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@Arlolra, data-mw-wt would basically be what Parsoid returns right now in production, so no need for clients to change. There is already a provision for encoding multiple formats for each template parameter, but we'd significantly increase the size of the download if we always provided both HTML *and* wikitext.

Etherpad of recent discussion between reading, parsing & services about reducing the HTML size:

Main priorities from the reading side as far as I understood them:

  1. Marking up navbox / reference using a page component like interface (T105845),
  2. providing an API for lazy loading of navboxes / references, and
  3. removing data-mw, slightly simplifying and speeding up processing in the mobile content service & other consumers.

@ssastry: Thanks for updating the task description. I'm broadly in agreement with your outline.

Since our discussion yesterday I have warmed up to your idea of treating the move to HTML as a format evolution of data-mw, rather than a new content-type. If the size penalty is not prohibitive, we could consider serving both HTML *and* wikitext for a while, so it would be backwards-compatible for wikitext-only clients. It seems very possible that the size penalty will be smaller than feared, as the content between HTML and wikitext for most template parameters will be very repetitive. Compression should encode the second copy largely as a pointer to the first one.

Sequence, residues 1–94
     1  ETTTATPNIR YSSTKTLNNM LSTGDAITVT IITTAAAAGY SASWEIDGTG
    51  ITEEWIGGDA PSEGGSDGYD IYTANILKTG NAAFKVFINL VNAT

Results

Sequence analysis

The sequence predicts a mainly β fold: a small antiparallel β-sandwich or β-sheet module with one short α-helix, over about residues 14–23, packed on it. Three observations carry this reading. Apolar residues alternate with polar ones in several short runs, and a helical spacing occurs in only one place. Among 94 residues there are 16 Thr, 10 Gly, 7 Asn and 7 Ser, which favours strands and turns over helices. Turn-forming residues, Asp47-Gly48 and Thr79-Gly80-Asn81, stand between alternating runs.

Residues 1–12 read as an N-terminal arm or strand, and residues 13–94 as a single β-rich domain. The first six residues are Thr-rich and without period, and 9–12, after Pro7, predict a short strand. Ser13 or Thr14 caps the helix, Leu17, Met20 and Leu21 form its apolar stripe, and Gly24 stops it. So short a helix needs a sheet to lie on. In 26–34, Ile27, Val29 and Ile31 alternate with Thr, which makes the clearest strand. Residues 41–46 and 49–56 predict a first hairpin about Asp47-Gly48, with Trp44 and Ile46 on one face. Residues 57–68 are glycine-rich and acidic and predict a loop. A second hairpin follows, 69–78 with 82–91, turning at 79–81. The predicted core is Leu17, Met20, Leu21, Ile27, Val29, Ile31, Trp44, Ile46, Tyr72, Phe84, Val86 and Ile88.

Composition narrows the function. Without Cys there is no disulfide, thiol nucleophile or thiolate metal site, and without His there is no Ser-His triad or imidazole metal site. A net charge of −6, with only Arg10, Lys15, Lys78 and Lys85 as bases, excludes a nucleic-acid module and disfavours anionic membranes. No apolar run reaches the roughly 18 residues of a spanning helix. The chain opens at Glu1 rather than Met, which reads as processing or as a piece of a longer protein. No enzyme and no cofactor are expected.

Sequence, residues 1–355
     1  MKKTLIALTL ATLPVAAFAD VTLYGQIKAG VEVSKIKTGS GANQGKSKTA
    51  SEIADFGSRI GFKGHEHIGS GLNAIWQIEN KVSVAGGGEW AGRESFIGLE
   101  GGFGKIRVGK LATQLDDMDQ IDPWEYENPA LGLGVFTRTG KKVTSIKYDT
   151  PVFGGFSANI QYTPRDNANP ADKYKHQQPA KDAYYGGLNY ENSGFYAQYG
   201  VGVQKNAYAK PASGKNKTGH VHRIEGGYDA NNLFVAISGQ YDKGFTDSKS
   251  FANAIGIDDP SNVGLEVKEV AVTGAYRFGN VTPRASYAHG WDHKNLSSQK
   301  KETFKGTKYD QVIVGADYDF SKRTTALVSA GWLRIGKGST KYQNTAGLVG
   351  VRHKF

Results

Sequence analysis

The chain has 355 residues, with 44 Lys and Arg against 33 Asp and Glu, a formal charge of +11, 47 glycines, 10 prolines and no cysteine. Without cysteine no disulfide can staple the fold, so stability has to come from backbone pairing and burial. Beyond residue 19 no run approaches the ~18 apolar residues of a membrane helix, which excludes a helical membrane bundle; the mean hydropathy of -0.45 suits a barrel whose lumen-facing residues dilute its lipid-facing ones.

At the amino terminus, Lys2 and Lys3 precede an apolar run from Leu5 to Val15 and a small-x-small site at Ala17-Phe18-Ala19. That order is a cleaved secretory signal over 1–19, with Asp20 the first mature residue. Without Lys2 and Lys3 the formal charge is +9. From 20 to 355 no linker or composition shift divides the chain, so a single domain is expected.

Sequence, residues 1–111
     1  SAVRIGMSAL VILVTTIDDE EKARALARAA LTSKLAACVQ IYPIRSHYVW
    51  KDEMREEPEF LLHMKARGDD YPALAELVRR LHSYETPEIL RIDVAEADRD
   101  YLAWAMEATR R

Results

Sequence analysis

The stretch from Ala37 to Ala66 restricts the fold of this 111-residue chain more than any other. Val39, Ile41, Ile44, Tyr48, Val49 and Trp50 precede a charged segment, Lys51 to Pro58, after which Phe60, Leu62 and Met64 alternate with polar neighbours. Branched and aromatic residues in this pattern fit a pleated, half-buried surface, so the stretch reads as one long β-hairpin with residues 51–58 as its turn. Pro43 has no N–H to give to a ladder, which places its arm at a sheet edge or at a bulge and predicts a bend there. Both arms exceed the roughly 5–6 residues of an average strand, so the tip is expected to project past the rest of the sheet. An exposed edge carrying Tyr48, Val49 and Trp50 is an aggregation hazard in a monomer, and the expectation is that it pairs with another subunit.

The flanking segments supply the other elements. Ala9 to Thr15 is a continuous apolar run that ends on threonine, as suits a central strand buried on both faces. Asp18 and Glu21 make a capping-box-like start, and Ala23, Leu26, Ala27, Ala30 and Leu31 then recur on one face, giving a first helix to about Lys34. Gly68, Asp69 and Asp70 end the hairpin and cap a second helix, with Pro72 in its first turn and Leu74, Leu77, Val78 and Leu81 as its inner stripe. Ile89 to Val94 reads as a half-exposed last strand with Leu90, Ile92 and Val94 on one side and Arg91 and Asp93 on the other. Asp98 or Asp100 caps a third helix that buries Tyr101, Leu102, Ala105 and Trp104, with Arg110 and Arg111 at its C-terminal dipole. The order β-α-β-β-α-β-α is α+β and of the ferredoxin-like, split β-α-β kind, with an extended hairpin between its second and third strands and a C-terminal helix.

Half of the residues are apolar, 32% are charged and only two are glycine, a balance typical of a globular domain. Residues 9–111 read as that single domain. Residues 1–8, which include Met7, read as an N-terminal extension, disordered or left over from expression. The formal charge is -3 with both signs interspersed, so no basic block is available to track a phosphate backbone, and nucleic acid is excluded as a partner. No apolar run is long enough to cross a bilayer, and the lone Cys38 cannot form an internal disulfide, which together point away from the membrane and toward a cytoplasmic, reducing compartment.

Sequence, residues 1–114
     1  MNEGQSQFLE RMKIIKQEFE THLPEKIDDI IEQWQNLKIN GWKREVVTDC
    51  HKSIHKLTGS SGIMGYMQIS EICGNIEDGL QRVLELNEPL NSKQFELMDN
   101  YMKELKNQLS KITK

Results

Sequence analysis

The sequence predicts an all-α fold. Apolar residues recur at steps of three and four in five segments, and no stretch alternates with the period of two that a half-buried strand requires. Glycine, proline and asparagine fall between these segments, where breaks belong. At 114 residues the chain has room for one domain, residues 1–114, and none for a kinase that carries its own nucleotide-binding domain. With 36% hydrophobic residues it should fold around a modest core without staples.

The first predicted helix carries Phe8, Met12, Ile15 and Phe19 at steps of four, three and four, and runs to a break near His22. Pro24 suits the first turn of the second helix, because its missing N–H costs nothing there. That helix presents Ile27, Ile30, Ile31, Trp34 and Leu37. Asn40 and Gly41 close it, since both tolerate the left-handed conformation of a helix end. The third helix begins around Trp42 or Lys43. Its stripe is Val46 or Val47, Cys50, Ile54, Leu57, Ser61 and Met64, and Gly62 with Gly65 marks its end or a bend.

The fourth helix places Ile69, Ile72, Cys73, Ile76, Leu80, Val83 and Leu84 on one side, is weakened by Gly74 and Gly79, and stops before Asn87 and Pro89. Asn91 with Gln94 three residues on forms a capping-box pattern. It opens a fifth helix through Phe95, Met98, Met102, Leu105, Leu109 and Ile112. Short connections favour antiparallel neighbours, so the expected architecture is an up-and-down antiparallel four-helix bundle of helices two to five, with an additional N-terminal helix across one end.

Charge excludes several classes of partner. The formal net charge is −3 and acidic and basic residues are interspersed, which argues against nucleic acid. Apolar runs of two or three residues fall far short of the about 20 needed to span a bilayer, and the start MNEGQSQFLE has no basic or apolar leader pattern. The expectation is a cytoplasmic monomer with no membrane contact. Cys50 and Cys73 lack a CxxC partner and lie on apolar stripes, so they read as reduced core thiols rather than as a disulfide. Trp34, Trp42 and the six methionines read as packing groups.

As far as HTML representation of template args is concerned, one issue we were talking about was that the HTML representation would not be how it might show up in the template output. For example, in the transclusion {{foo|*x}}, we cannot know a priori if the *x will show up as the string "*x" or as a list item <li>x</li>.

One solution to this conundrum is to ignore the problem and not worry about this at all. We could parse the template args as if it is in SOL context always while being explicit that this representation is only present for the purpose of editing, and might not be how the arg might end up in the template .. i.e. the semantics of the HTML representation is explicitly about it being a visual editing aid rather than how it is used in the template. In some cases, this might result in surprising WYSIWYG semantics, but, that might be an acceptable compromise. @Jdforrester-WMF, FYI.

A more recent study of the effect of a few HTML constructs, including data-mw, is now available at T164033#3479227. It shows that data-mw removal by itself won't result in savings much greater than 12% across a list of 21 popular titles. Difficult-to-process ID attributes are responsible for almost as much size by themselves.

However, the good news is that we can save around 30% compressed read HTML size with a few changes that won't remove any content, or affect the ability to edit:

  • Move out data-mw.
  • Remove auto-generated mwXX ID attributes. To associate metadata with elements, use path based identifiers (possibly rooted at section ids) instead. Example: ['mw1234',2,5,2], or #mw1234:nth-child(2):nth-child(5):nth-child(2)
  • Remove about attributes from references, and rely on the href instead. Perhaps also consider inlining reference content, and eliminating the href to the reflist as well.
  • Drop rel="mw:Wikilink" and rel="mw:ExtLink". This information is easy to derive from the href attribute (relative vs. fully qualified URL).

There are probably some more opportunities along similar lines, but I think this captures the biggest optimization opportunities.